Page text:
The Central New Jersey Home News from New Brunswick, New Jersey on December 3, 1939 · 17
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The Central New Jersey Home News from New Brunswick, New Jersey · 17

New Brunswick, New Jersey
Issue Date:
Sunday, December 3, 1939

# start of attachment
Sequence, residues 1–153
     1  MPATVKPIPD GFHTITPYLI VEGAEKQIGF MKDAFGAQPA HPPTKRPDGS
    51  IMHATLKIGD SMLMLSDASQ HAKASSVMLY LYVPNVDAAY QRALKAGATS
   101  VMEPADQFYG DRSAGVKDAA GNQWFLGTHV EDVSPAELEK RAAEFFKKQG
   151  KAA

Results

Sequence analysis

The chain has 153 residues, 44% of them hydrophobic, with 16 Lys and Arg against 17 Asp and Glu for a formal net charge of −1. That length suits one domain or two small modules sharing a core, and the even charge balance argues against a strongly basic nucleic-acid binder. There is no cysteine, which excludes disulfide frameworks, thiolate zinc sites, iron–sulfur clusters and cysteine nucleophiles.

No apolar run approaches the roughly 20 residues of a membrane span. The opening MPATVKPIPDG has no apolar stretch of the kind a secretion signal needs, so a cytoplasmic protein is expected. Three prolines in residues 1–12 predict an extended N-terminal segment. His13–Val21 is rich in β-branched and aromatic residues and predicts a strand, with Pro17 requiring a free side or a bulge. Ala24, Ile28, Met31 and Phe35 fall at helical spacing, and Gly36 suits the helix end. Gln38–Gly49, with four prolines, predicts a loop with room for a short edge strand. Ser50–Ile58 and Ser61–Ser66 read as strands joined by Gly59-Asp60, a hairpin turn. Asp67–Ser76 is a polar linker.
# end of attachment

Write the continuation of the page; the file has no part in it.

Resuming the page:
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THE SUNDAY TIMES, NEW BRUNSWICK, N. J., SUNDAY, DECEMBER 3, 1939. PAGE SEVENTEEN, Conferences, Dances, School Events Pivot of Interest Today International Relations Clubs Will Hold Annual Conference at N. J. C. This Week Middle Atlantic Division Will Hear Speakers At Event ''The Haves and Have Nots" will be the title of one of the principal address at the Middle Atlantic International Relations Clubs Con-forenee to be held at New Jersey College for Women Friday and Saturday. A feature of the program will be student round tables on the world situation todav. i-jstiri.aiii Jhcd speakers will ad- cus- the conference as guests of the Carnegie Endowment for International Peace which sponsors these groups in colleges and uni-ycisities throughout the country. Among the speakers will be Dr. Sluritz J. Bonn, German economist, now a naturalized British subject fcnd for several years lecturer at t'.ie London School of Economies. Dr. Bonn, who will speak on "The Haves and Have Nots," has been ifiting professor at several universities in the United States and three jeais ago he lectured in New England under the auspices of the Institute of International Education. Dr. Frederick L. Schuman, assist ant professor of political science end international relations at the University of Chicago, another (peakei, has been Woodrow Wilson professor of government at Williams College. His subject at the conference is "Diplomatic Aspects ofV.h'j European Conflict." He Is an outstanding lecturer, teacher and Vritcr on contemporary Europe and on current international problems. He was an eye-witness of the Nazi revolution in Germany in 1933. He Was made a Fellow of the Social Science Research Council, was f warded the James-Rowe Fellowship of the American Academy of Political and Social Science and has jiarticipated actively in the work of Bcvera! institutes. Miss Amy Hem-Jnway Jones, the Carnegie representative in charge of International ligations Clubs, will also speak. D.-. Emily Hickman, of the New Jersey College for Women, is the faculty adviser in charge of the conference. International Relations C ulbs hnc as their principal aim the objective study of international affair?. There are at present 806 clubs organized throughout the wcrld and 716 in the United States. f WW I UK. MOKltZ (I. BOA.N DR. FREDERICK L. SCHUMAN P. T. At Programs Center About Parents and Classes St. Peter's School Francis Murphy, athletic director of St. Peter's School, will be guest speaker at the annual Parents' Night and regular monthly meeting of St. Peter's Parent-Teacher Association Tuesday evening, in the school. All classrooms will be open for inspection from 7 to 8 p. m. and work of the students will be on exhibition at their desks. Nun9 will be present to welcome the visitors and discuss the progress made by individual pupils. At 8 p. m. the regular monthly meeting will be held in Columbia Hall with Mrs. Lillian McNally, president, conducting the business session, during which reports will be submitted by various committee chairmen and plans completed for the students' annual Christmas party, sponsored by the P. T. A., to be held on December 22. Mrs. Francis Richmond is entertainment chairman of the evening and will introduce the Rt. Rev. Mon-signor Peter J. Hart, spiritual director of the P.T.A., and the guest speaker, Mr. Murphy. Sister Ethel-berta, Chinese missionary, will also GAME SOCIAL ST. MARY'S, South Amfcov Every Wednesday Night 150 GREENES IN THE GARDEN Lucky Seventh 70 Greenies Jack Pot 20 Greenies ADMISSION 35c TIME 8:30 I. M. 1 - tJS ts J l jut I : J9T. " I be presented to the audience and w'U address them on the problem confronting the Catholic missions in China today and exhibit handwork done by Chinese girls. The musical part of the program will bo supplied by St. Peter's School Band, with Menelio Palombi conducting, and the New Brunswick Division Glee Club, under the direction of Robert Harding, will sing. Senior High School The Senior High School P. T. A. is sponsoring a fathers' and sons' night Wednesday at 8 p. m. in the school. Mothers are also invited. The program will include a football quiz and demonstration of the fundamentals of basketball. Ther-will be a speaker. Isadore Ringle is chairman. Clapton Smith is in charge of entertainment. Refreshments will be served. Lord Stirling School Plans have been completed for the annual benefit card party of the Parent-Teacher Association of Lord Stirling School, in the school gymnasium, Wednesday, at 8:15 p. m. All card games and mah jong will be played. Mrs. Elwood Stokes is chairman and Mrs. William G. Morris is co-chsirman assisted by the following: Mrs. Herman Aronson, Mrs. C. C. Boehm, Mrs. Harold Rodenberger, Mrs. J. Vincent O'Grady, Miss Faye Van De Venter, Mrs. Jack Nezin, Mis. Meyer Silensky, Mrs. M. J. Hammell. Mrs. Theodore Fulton, Mrs. William Thomson, Miss Helen P. Read. Refreshments will be served. Washington School The Washington School P. T. A. executive board will meet at the school Wednesday at 2:30 p. m. The Middlesex County Council of Parent-Teacher Associations will meet with all presidents of the county, Wednesday, at 1:30 p. m. in the Y. M. C. A., to discuss the work for the ensuing year. Mrs. Charles F. Sullivan, county corresponding secretary, will be tn charge of registration for the ses sion. A box will be rlaced at the entrance to the meeting room, in which suggestions or questions may be deposited. Each county chairman is requested to give a brief outline of the work planned. Mrs. Horace J. Erogley, county chairman will conduct the meeting. Mary Callahan Becomes Bride Wed to Robert J. Manlcy in Ceremony at St. John's Church Yesterday Miss Mary Martha Callahan, daughter of Mr. and Mrs. W. N. Callahan of 28 Wclton street, and Robert J. Manley, son of Mr. and Mrs. James A. Manlcy of 80 Has-sart street, were united in mar-tiage yesterday in a ceremony performed at 3 ip. m. at St. John's Roman Catholic Church. The Rev. Anthony Shuvlin officiated. The bride, given in marriage by her father, wore a pale pink starched chiffon gown with hat and fln- ger-tip length veil to match, and carried a fan-shaped bouquet or pink snapdragons and roses. Her sister, Miss Kathryn Callahan, was maid of honor. She wore a white dress embroidered in gold with a matching halo and carried wmte snapdragons and roses. Mrs. Marion Drager, sister of the bridegroom, the only bridesmaid, was attired in a dress of changeable blue taffeta and matching halo and carried white snapdragons and roses. D. W. Millay was best man and the ushers were Henry Drager, William Sorensen and John Nason. A reception followed the ceremony at the Aurora Hall. Upon their return from a wedding trip to New York state, the couple will live at 28 Welton street. Mrs. Manley attended school In DuBois Pa., and is a graduate of SU Catherine's High School in DuBois. She also graduated from the Medical Center School of Nursing. Mr. Manley attended local schools. . Renee Corty Continued from Page Fifteen Their Engagements Announced ! tasifca!u&w&& wmwl Imihi im mn A Super-Hero and Newsman Superb Comes to NEW BRUNSWICK Tomorrow's iisuo brinfi Iht farst of a scries ol tht emoting adrentur ol SUPERMAN tho Man el Tomorrow I St how SUPERMAN punishes ths wickod and champions th woak. His xtraotdinary Uats ol strength will malt you gasp his heroism end brrry will command your rctptcl. His lor for Lois, th beautiful girl reporter, shows hVs human 1 Read SUPERMAN Tomorrow and Doily Thereafter in The Daily Home News Guest Speaker to Address Women of Park Reformed Mi x Nmma Bineham. of the edu- i cational service of the Newark Eve ning News, wil be the guest spean-er at the December meeting of the Women's Organization of the Highland Park Reformed Church to be held Wednesday at 2:30 p. m. in rV-.nrrh hnllse. Mi. Rinrham will have as her subject. "Iceland-Uand ol rue ana t i,rhi" nH will he attired In for mal native attire. I ne tain wm ue illustrated with a Yuletide candle-observed in Mr. jLingham's ancestral homeland. Members of Circle "a. oi w organization will be hostesses, with Mis. Walter Nehr as chairman. Th? m-Midenl. Mrs. William !. freeman, will conduct the meeting. A meeting of the executive has been called for 2 p. m., Wednesday. taking chemistry, history, mathematics E n s 1 i h composition, Frenc'i r.nd rpcccl-. Eventually she wi.l specialize i:i chemistry, in which her main intcrjst lies. Arriving in the Untcd States No vember 1 on the Atenas with her mother, who is remaining in New lSrk temporarily, Miss Corty made inquiries and was told N. J. C. was a good college. "Manv voune men and women from Honduras come to the United States to study," she explained, add ing that she chose this country lor her studies because she liked it. She has visited the United States only once before, three years ago, when she traveled to New Orleans. She is enthusiastic about the Itin-American cultural accord signed in Washington recently. Many Hondurans speak English, she continued, because of extensive commercial relations with the United States, and in college there, English is a required study. Finds Spanish Good Miss Corty finds the Spanish taught at the college very good and remarked that some of the girls in the Spanish house speak almost like Spaniards. She has already made the acquaintance of the Spanish professors on campus. Girls she has met here she finds a bit different from Honduran girls "and very likeable." "The American college girls enchant me," she said. "They aie charming, all of them." New Brunswick, surprisingly enough, she does not find very different from her home city, which is the second In size of the country. The houses are frequently very similar, except that there are more in Honduras on the Spanish style of architecture, she pointed out. Misi Corty has already gone shopping in New Brunswick and likes tho stores. The Christmas decorations she pronounced very pretty. While the town may have a similar appearance, the climate is totally different. "Some other parts of the country are cold, but it is always hot where I live," she said. . Style in Honduras are much like those here, she continued, but they are summer fashions. Miss Corty, who must have had some extensive shopping to do upon her arrival here, has already adopted the informal sports costume of the Amer ican college girl, down to oxfords and bright red socks. Like the American college girl, too, she is fond of sports. Her enthusiasm extends to tennis, swimming and basketball. Her previous travels have Included Guatemala, Salvador and Mexico. Miss Corty is living at Gibbons L, where her roommate is Miss Ann Baggot '43 of Jersey City. 2Q0 Faculty, Parents, Pupils Attend Dance in Park High MISS ANN ZAMOITA Miss Ann Zamoita, daughter of Mr. and Mrs. Adam Zamoita of 14 Dover avenue, Franklin township, whose engagement has been announced to Con-stantine Kitzi of 10 Talmadge street, son of Mrs. John Gotch of Jersey City. No date has been set for the wedding. Local Camp Fire Girls Will Attend Ceremonial The regular meetings of Camp Fire Girls of New Brunswick will not be held this week as the grand council fire will be conducted Tuesday at 8 p. m. in the gymnasium of State Teachers' College, Hiliwooa Lake, Trenton. All Camp Fire Girls have been asked to be present by 7:30 p. m. and to wear the service costume or a ceremonial gown. Parents and friends are also Invited. The Towanka and Gatiyi groups of this city will attend with their parents. Miss Elsie Till, guardian, would like as many Camp Fire Girls to attend from this city as possible. Parents who are able to makt the trip should communicate with Miss Till. New members enrolled during the recent membership drive are to be admitted ct the council fire. The membership drive was concluded November 30. Fife hundred Camp Fire Girls are expected to attend from all sections of the Trenton area. The presentation of a three-act comedy by members of the Gatiyi group Wednesday evening at the Lutheran church house was so successful that a performance will be given at the Evergreens, Home for the Aged, at Bound Brook this month. Committee to Convene To Make Party Plans A special Christmas party committee meeting of Middlesex County Young Democrats will be held tonight at 8 o'clock at the horn-of President Charles F. Sullivan In Erookview, East Brunswick township. Plans for the party will be decided and date and location will be arranged. MISS FLORENCE C.RKGER Mr. and Mrs. Joseph Greger of 179 Ward street announce the engagement of their daughter, Miss Florence Greger, to Henry G. Potter, son of Henry Potter of 33 Herbert avenue, Milltown. Miss Greger is a graduate of the New Brunswick High school and is employed by J. J. Newberry Company. Mr. Potter attended local schools and is connected with Wsgncr's Service Station, Milltown. No date has been set for the wedding. Hebrew Ladies to Hear Hospital Group Report A report of the hospital committee will be made by Mrs. Louis Sa-plro, chairman and Mrs. Irving At-tinger, cochairman, at the business session of the Hebrew Ladies' Benevolent and Free Loan Society tomorrow at 8 p. m. at the Jewish Community Center. The work of the committee financed by part of ihe proceeds of the charity ball will bp described. This included hospitalization and nursing, cases in honies and cooperation with the social service of both St. Peters and Middlesex Hospitals as well as the Jewish Social Service. Plans will be discussed for the cabaret and dance for charily January 31 at the Elks' Club ball room. Mrs. Pincus Halfon, president, will coiviuct the business session. The social hour will be featured by on "Information Please" program with eight prizes. Mrs. Halfon will give the questions and judges will be Mrs. Benjamin Kar-matz and Mrs. Irving Jaffee. Mrs. Karmatz will take pictures of members during intermission. An attendance of 200 faculty members, parents and students marked the annual party sponsored by the Highland Park High School Parent-Teacher Association in the high school Friday night for the benefit of the student aid fund. Guests of honor were Samuel Shultise, president of the Board of Education, and Mrs. Shultise; Supervising Principal Willard K. Furth and A. Y. Maynard, high school principal. Student dancing was held in the gymnasium, while cards and other games were offered for the teachers and parents in the cafeteria. Both were attractively decorated, the gymnasium representing a harvest scene. Mrs. George Winchester was chairman of the committee in charge of the cards and games. Assisting her were Mrs. John Ochs, Mrs. William T. Campbell and Mrs. John Bartlett. Refreshments were served under direction of the hospitality committee, including Mrs. William F. Pfeiffer, Mrs. John Burke, Mrs. Rudolph Mueller, Mrs. C. J. Ballou, Mrs. Schuyler B. Sterling, Mrs. F. N. Dc Blon and Mrs. Julius Kahn. Both committees were under the geneial direction of Mrs. A. L. Prince president of tho high school Lady Foresters to Have Visit From Grand Staff New Brunswick Circb No. 8, Lady Foresters of America, will meet Thursday night at Red Men's Hull when Grand Commander Mis. Anna O'Brien and her staff of officers will pay their official visit. All officers arc to wear white. Visitors are expected from e ery section of the state. Miss Evelyn Oughton, chairman of good and welfare, and her committee wil Iserve refreshments and conduct the social hour. EYE EXAMINATIONS Dr. Harry Ehrlich OPTOMETRIST 99 Church Street NEW BRUNSWICK la3 Permanent JLovcIh mess t Sc?kJfr or the (Jlolitlans r TTHf"- I the Oikoli (Beauty Slioppe 417 George Street Tel. 144 1'pstulr Next to Ilivoll ATTENTION MEN ! We suggest a permanent wave as a Christmas gift add to the beauty and glamour of your dear one. Our new 01L-O PERMANENT Wave has been a sensational success with all the women who are particular about their appearance. JULIE'S 88 FRENCH STREET BEAUTY PAKLOR 0m TELEPHONE 1371 To Make Party Plans A report on plans for a game party to be held in the near future will be made at a meeting of Junior Odd Fellows tomorrow at 8 p. m. at Odd Fellows Hall. Nathan Henn is chairman, assisted by Albert Hand-aly r nd Nathan Barry. S1.25 Ue Social Whirl Continued from Tagc Fifteen oftlieirTrlrpartUhl wcddiiiK in the First Reformed Church last summer. Girr Tea Dr. and Mrs. Ernest Little of 237 F.enncr street, Highland Park, entertained a few friends at their home yesterday at a tea. to meet their son's wife, Mrs. John E. Little of New York Citv. The younper Mrs. Little was formerly Miss Ruth F. Whalin of Middleboro, Kentucky. Return, from Trip t- ul Mrs ttirhsrrl Anderson of Cliff court. Highland Tark, have returned from a motor trip to Virginia where they visited the former home of Mr, Anderson's mother and now the home of his uncle, Dr. Peyton Hundley. (Dick reports quail plentiful and luck good.) Banquet Scheduled The Union Club is planning its annual banquet to be held at the Roger Smith Hotel next Friday at 7 o'clock. According to the secretary, John II. Hoagland, these banquets have to be regarded as one of the real events of the year. The affair, which is formal, will be preceded by a business meeting. Mrs. James II. R. Cromwell, the former Doris Duke, was a guest at a house party given by Mrs. John Hay Whitney at Llagollen, in the hunt country of Virginia. JL1 IToof FACTORY BW.K! Tel. N. R. 2320 Vnur Thl Mraaurrd Frf PR0TEXL. TABLE PADS 2 lMl Unix To Hold Penny Sale i The Alumnae A.sociation or nt. Peter's Hospital School of Nursing 1 will hold a penny sale in the j nurses' home next Tuesday. IF I WERE SANTA CLAUS I'd put on an extra tdclgh and load it with Sweaters. Herauw there wouldn't lie a single person on my list from one to ninety who won't be mighty glad to own a good Pure Wool Sweater. Being Santu Daus I would know Ihe desires of both young and old. I know they couldn't own anything more uw-fiil than a Sweater. Of course, I'd lie sure to give them a "Rown's" Sweater. Because my own shop couldn't turn out anything finer. Sweaters for every member of the family. Rosen's Sweater Shop 209 Neilson Street The Inrgett and oldest Sweater Shop In Middlesex County. cflie (Holiday Qift of (Beauty ii a Xciv Oil Permanent Individually styled by Mr. Louis. Keg. $7.50, specially priced at $5.00. FOR APrOIN'TMENT, CALL 2255 111 ' HEAUTY GslS SALON ill GEOKGE STKEET Store Next to Rivoli Theatre j NEW JERSEY'S Most us is probably the telephone directory. MORK than 800,000 copies arc distributed each mue and on their pages are 95 of the telephone numbers New Jersey people need for the 3,000,000 calls they make each day. Getting out New Jersey's "most used book" is a big task that requires a force of hundreds of skilled workers who try to make each issue as accurate, complete and easy to use as possible. Supplementing the directories are Information operators throughout the state to give you numbers not in your regular directory and new numbers brought into use between issues. NEW JERSEY BELL TELEPHONE COMPANY CONSULTING your directory firt (ittibtttreiultf. ' We. j 7 COMPILING KCOKOS el chtnjn for )our new directory. Fich of the thnuiindl of listing i chti-ked miny time he-fort reltKC for printing. fWIN5 DAILY tpteial iirrrtorirt lot me ol infnrmition Oprrtton. More thin S.000 new or chantd litin( ire hindlcd weekly. T I' I iiiVI -1 fc ,VV g f"" - .'- v. i ,"5r- A ..'I